BALTIMORE -- Catholic Relief Services has begun a nationwide search for a successor to its president, Ken Hackett, whose career with the international humanitarian agency of the U.S. Catholic community spans nearly four decades.
"The good news is that we can do this patiently and carefully, because we are able to approach any leadership changes from a position of strength, success and stability," New York Archbishop Timothy M. Dolan, chairman of the CRS board, said in a Sept. 29 statement announcing the search.
Hackett, 63, has agreed to continue serving as president for six months beyond the end of his current five-year term in June 2011 and the new president is expected to be installed by January 2012. He will continue to serve as a consultant to CRS until July 2012.
CRS' president since 1993, Hackett joined the agency in 1972 following Peace Corps service in Ghana. His first assignment was in Sierra Leone and he served CRS in posts throughout Africa and Asia, as well as in a variety of positions at CRS headquarters.
He was regional director for Africa, guiding CRS' response to the Ethiopian famine of 1984-85, and supervised operations in East Africa during the crisis in Somalia in the early 1990s.
During his 17 years at the helm, CRS grew from an operating budget of approximately $300 million to more than $800 million today. One of the largest and most respected international humanitarian agencies, CRS operates in more than 100 countries, with a global staff of nearly 5,000.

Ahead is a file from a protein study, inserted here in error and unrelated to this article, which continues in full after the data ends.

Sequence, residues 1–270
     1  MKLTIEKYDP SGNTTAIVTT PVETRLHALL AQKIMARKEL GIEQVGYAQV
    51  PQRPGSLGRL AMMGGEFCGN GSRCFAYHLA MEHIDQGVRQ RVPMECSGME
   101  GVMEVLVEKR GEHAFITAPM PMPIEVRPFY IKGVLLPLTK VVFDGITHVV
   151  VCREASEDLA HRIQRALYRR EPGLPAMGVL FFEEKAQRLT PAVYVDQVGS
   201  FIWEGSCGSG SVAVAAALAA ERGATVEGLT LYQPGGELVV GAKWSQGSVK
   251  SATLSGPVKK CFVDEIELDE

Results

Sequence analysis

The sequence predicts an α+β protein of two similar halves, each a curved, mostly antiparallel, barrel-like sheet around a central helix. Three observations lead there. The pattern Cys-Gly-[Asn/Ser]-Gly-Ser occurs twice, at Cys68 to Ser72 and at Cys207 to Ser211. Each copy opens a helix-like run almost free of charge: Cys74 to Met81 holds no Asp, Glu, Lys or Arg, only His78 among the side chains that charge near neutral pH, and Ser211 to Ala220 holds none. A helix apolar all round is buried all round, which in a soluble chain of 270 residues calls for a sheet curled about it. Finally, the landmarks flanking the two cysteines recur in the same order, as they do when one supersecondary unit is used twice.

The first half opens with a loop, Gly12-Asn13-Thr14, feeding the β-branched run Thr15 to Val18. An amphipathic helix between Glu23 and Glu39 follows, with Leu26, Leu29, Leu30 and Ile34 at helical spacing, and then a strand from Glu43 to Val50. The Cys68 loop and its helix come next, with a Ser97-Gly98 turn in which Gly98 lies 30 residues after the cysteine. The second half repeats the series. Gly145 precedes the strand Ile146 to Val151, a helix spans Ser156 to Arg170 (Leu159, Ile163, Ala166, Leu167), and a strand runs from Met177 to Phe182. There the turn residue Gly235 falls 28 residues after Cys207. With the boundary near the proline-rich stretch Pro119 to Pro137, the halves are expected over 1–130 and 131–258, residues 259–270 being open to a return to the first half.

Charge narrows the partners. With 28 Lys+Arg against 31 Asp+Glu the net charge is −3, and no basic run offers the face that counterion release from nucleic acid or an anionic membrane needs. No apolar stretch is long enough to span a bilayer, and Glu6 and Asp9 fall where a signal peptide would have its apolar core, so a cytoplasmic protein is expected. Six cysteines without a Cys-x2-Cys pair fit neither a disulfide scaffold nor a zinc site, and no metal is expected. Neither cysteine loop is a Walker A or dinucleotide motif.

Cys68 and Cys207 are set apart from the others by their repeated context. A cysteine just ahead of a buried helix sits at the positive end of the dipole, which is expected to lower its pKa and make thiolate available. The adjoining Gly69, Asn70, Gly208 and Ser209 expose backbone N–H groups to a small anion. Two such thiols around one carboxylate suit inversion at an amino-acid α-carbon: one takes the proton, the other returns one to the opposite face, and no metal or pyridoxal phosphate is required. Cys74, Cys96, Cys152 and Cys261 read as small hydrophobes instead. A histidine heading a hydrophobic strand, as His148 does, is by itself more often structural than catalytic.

Archbishop Dolan acknowledged Hackett's contributions, including leading the agency through emergencies such as Hurricane Mitch in the late 1990s, multiple famines in Africa, the Indian Ocean tsunami in 2004 and the Haitian earthquake earlier this year, as well as shepherding a major initiative to provide lifesaving medicine to people with AIDS in the developing world.
"It is only because of his extraordinary leadership these past 17 years that we are in such a secure position that we can approach this transition calmly and carefully; and only because of his selfless 'calling the question' that we are now commencing this realistic planning for the future of this agency we all so love," the archbishop said.
Born in Roxbury, Mass., Hackett graduated from Boston College in 1968. He has received honorary degrees from his alma mater, Cabrini College, College of Great Falls, College of Notre Dame of Maryland, New York Medical College, University of Notre Dame, University of San Diego, Villanova University and Mount St. Mary's University.
In 2004, he was invested as a Knight Commander of St. Gregory the Great, one of the highest papal honors.
Hackett has served as North American president of Caritas Internationalis, the confederation of humanitarian agencies of the global Catholic Church, and on the Baltimore Council on Foreign Affairs.
He is currently a member of Maryland Gov. Martin O'Malley's International Advisory Council and serves on the boards of the Pontifical Council Cor Unum, the Vatican body that coordinates the church's charitable work, and the Africa Society, a think tank and public education organization dedicated to educating Americans about the continent of Africa. He is a consultant to the U.S. bishops' committees on Migration and on International Justice and Peace.
From 2004 to 2009, Hackett served on the board of directors of the Millennium Challenge Corporation, a federal effort to increase aid to countries that demonstrate a commitment to ruling justly, investing in people and encouraging economic freedom.